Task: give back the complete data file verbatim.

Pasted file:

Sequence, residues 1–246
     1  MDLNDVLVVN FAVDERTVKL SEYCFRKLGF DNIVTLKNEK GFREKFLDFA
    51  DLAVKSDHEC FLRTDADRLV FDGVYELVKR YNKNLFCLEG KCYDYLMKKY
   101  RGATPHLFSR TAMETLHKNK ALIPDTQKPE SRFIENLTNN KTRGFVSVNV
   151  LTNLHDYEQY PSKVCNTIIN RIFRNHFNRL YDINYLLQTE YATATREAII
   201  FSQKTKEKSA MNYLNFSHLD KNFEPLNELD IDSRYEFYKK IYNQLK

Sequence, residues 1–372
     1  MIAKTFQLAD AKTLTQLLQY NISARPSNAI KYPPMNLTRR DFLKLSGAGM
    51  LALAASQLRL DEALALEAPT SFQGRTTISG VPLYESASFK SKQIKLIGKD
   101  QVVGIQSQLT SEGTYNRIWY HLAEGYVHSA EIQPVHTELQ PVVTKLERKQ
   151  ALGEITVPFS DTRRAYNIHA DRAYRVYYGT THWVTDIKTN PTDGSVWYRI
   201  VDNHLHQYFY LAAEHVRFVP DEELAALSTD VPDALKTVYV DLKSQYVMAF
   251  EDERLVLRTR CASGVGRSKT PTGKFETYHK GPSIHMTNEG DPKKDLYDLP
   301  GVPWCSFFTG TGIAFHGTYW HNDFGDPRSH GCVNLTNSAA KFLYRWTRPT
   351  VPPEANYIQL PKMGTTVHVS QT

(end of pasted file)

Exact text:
Sequence, residues 1–246
     1  MDLNDVLVVN FAVDERTVKL SEYCFRKLGF DNIVTLKNEK GFREKFLDFA
    51  DLAVKSDHEC FLRTDADRLV FDGVYELVKR YNKNLFCLEG KCYDYLMKKY
   101  RGATPHLFSR TAMETLHKNK ALIPDTQKPE SRFIENLTNN KTRGFVSVNV
   151  LTNLHDYEQY PSKVCNTIIN RIFRNHFNRL YDINYLLQTE YATATREAII
   201  FSQKTKEKSA MNYLNFSHLD KNFEPLNELD IDSRYEFYKK IYNQLK

Sequence, residues 1–372
     1  MIAKTFQLAD AKTLTQLLQY NISARPSNAI KYPPMNLTRR DFLKLSGAGM
    51  LALAASQLRL DEALALEAPT SFQGRTTISG VPLYESASFK SKQIKLIGKD
   101  QVVGIQSQLT SEGTYNRIWY HLAEGYVHSA EIQPVHTELQ PVVTKLERKQ
   151  ALGEITVPFS DTRRAYNIHA DRAYRVYYGT THWVTDIKTN PTDGSVWYRI
   201  VDNHLHQYFY LAAEHVRFVP DEELAALSTD VPDALKTVYV DLKSQYVMAF
   251  EDERLVLRTR CASGVGRSKT PTGKFETYHK GPSIHMTNEG DPKKDLYDLP
   301  GVPWCSFFTG TGIAFHGTYW HNDFGDPRSH GCVNLTNSAA KFLYRWTRPT
   351  VPPEANYIQL PKMGTTVHVS QT